In some aspects, the reaction temperature is in the range of 190-250° C. and/or the reaction pressure is in the range of 10-60 bar.

In some aspects, the H2/CO ratio of the gases supplied to the Fischer-Tropsch synthesis reactor is in the range 1.1 to 2.2.

In some aspects, the superficial gas velocity in the reactor is in the range of 5 to 60 cm/s.

In some aspects, the Fischer-Tropsch synthesis reaction is subsequently subjected to post-processing.

In some aspects, the post-processing is chosen from de-waxing, hydro-isomerisation, hydro-cracking and combinations thereof.

DESCRIPTION OF THE DRAWING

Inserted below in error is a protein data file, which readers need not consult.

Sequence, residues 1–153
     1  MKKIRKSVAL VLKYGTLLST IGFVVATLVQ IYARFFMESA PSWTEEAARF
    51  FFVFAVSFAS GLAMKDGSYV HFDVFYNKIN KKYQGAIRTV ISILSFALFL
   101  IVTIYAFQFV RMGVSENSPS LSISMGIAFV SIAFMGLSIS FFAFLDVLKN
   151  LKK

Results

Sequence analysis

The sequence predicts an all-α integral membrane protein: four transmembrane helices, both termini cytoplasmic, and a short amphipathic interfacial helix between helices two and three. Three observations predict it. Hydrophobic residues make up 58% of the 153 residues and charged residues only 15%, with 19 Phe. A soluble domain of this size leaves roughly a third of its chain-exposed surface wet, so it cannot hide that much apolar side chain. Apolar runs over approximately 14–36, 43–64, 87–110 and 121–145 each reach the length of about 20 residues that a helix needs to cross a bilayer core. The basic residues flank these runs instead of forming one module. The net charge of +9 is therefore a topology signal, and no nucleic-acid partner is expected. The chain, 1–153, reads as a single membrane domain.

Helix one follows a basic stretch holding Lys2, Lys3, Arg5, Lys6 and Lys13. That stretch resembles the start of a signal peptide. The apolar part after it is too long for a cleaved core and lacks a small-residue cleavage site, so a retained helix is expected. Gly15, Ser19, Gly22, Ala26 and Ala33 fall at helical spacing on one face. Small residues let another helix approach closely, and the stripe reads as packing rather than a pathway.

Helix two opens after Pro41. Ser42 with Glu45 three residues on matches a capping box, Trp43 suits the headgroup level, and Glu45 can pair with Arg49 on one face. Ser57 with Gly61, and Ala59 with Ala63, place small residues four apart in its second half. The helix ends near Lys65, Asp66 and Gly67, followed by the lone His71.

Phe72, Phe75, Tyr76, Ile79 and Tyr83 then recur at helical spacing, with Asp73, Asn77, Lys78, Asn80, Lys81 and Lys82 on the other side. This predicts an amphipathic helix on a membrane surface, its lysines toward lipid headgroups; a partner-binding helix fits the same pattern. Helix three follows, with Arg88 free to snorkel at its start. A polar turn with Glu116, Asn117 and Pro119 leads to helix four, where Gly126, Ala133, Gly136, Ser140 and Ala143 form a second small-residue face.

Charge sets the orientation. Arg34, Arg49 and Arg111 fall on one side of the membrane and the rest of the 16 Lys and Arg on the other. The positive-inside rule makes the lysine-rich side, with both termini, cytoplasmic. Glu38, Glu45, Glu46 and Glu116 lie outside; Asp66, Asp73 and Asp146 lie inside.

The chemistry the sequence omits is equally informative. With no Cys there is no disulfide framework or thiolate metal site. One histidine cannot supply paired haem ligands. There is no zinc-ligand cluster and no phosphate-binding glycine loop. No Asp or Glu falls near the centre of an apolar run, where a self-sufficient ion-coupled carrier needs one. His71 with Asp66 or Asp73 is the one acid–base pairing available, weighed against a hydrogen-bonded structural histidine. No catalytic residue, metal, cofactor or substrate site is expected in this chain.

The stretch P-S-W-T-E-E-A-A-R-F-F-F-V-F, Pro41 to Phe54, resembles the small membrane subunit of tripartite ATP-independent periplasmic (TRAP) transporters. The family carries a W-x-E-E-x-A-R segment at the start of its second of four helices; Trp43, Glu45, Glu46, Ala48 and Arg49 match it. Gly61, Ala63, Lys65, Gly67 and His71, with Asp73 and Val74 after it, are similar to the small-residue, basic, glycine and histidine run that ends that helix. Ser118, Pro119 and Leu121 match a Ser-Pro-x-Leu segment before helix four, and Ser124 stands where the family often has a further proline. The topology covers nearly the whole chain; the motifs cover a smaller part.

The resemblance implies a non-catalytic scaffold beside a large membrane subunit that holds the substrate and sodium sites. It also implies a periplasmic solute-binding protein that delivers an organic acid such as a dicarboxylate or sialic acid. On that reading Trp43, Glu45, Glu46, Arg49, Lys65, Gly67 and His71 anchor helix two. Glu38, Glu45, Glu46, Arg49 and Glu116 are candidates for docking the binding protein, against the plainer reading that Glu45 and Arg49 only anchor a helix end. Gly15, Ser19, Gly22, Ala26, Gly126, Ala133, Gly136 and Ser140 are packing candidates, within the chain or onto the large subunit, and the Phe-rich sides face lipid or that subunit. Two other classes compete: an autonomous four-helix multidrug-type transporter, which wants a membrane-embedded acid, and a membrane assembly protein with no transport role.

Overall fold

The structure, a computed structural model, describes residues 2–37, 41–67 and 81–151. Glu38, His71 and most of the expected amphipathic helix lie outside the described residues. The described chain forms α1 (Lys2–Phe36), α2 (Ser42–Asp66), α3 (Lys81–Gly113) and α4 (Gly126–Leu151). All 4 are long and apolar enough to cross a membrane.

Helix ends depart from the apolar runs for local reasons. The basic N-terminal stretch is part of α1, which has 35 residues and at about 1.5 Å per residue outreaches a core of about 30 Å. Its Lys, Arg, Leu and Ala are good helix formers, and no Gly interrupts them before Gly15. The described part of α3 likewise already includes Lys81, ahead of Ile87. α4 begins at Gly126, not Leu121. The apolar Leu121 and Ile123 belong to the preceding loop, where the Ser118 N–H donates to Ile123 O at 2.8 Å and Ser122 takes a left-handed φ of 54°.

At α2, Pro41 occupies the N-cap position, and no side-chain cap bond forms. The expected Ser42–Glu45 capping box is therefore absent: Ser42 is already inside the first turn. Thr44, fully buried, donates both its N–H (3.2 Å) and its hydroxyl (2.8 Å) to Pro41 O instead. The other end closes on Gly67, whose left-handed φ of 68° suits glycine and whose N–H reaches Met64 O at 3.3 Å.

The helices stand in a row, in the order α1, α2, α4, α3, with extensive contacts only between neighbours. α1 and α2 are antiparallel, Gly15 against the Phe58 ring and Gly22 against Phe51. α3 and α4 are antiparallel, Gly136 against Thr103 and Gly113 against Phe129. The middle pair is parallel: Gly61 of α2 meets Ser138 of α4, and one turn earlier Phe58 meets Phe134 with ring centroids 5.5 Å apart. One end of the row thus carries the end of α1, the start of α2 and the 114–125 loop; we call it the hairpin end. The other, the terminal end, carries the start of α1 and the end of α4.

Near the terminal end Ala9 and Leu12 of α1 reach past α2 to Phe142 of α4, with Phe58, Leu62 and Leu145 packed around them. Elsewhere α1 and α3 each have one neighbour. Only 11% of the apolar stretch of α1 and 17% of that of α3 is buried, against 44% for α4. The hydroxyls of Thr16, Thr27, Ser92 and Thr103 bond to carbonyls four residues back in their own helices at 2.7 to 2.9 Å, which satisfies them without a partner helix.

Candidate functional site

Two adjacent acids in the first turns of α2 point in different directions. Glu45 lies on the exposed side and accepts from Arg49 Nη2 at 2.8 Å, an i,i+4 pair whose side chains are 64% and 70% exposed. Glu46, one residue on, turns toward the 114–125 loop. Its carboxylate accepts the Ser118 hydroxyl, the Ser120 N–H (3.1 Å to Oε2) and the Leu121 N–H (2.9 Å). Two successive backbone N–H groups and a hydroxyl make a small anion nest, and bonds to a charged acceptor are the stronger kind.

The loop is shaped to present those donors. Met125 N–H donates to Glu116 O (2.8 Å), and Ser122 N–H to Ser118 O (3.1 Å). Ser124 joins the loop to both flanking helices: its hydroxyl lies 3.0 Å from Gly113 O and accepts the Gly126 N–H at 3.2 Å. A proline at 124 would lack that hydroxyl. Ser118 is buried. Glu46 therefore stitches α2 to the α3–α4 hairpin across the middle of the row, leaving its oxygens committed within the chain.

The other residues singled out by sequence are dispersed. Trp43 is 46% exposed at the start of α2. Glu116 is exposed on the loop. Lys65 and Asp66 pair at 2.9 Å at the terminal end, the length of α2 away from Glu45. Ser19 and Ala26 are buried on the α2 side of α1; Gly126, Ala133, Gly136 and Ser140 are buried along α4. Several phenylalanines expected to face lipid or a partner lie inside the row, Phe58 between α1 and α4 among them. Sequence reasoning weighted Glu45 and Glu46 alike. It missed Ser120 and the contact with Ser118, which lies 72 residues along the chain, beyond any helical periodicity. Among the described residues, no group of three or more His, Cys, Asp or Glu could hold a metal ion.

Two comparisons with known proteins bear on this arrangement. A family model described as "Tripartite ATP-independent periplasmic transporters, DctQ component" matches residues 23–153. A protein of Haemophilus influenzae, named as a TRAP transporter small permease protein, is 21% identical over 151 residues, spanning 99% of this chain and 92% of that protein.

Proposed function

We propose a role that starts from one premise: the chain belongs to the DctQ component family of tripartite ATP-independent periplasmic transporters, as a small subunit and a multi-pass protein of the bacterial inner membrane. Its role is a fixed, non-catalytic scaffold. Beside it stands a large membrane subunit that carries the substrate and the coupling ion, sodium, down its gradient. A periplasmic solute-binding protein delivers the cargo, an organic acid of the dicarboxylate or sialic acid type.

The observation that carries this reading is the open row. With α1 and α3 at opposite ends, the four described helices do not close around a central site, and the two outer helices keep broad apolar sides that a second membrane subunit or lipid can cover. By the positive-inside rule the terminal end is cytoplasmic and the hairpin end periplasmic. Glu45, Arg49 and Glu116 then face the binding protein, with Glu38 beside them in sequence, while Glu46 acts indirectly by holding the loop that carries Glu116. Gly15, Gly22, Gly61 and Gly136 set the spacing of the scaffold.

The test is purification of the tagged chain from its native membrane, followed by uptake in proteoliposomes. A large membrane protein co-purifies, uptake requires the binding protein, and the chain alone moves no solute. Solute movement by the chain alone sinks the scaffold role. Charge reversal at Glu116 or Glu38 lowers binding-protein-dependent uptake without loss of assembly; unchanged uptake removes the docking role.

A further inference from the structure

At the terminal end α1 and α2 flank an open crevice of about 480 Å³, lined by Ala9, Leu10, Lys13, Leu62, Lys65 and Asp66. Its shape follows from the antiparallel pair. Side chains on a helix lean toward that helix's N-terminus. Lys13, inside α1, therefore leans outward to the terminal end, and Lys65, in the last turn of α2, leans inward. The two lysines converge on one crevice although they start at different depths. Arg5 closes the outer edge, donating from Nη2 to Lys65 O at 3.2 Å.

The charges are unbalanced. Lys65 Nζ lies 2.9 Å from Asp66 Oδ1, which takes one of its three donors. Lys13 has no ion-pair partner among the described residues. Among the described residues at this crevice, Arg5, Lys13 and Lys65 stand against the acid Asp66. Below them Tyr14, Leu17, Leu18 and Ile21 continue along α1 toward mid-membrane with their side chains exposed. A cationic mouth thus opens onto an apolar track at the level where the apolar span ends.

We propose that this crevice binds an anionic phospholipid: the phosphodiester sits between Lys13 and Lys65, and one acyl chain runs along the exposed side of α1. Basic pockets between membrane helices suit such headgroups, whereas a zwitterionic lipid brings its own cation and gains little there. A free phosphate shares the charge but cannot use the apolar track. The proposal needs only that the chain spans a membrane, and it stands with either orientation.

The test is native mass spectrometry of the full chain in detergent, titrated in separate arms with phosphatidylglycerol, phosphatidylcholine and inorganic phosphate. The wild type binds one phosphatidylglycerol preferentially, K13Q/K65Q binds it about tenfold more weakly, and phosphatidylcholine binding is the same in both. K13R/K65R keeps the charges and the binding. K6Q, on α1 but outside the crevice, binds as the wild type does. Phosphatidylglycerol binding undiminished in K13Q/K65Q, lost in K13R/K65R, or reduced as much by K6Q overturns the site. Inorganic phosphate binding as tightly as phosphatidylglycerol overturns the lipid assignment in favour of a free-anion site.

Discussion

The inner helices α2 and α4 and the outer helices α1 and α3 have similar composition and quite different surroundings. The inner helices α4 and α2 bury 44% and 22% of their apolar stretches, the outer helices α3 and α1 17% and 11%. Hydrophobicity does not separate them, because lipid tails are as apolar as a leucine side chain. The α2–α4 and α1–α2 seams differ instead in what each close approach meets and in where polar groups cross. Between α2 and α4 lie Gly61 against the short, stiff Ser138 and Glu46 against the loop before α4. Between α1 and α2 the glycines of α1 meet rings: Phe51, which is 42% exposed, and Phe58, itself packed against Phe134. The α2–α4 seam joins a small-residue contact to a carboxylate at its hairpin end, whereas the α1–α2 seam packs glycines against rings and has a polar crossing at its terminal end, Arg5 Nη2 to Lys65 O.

The invention may be more completely understood in consideration of the following detailed description of various embodiments of the invention in connection with the accompanying drawing, in which:

FIG. 1 is a schematic drawing of a section of a Fischer-Tropsch synthesis operation according to the present invention.

While the invention is amenable to various modifications and alternative forms, specifics thereof have been shown by way of example in the drawings and will be described in detail. It should be understood, however, that the intention is not to limit the invention to the particular embodiments described. On the contrary, the intention is to cover all modifications, equivalents, and alternatives falling within the spirit and scope of the invention as defined by the appended claims.

DETAILED DESCRIPTION OF THE INVENTION

It is an object of the present invention to alleviate the problems associated with catalyst entrainment in the gases leaving a slurry bubble column reactor.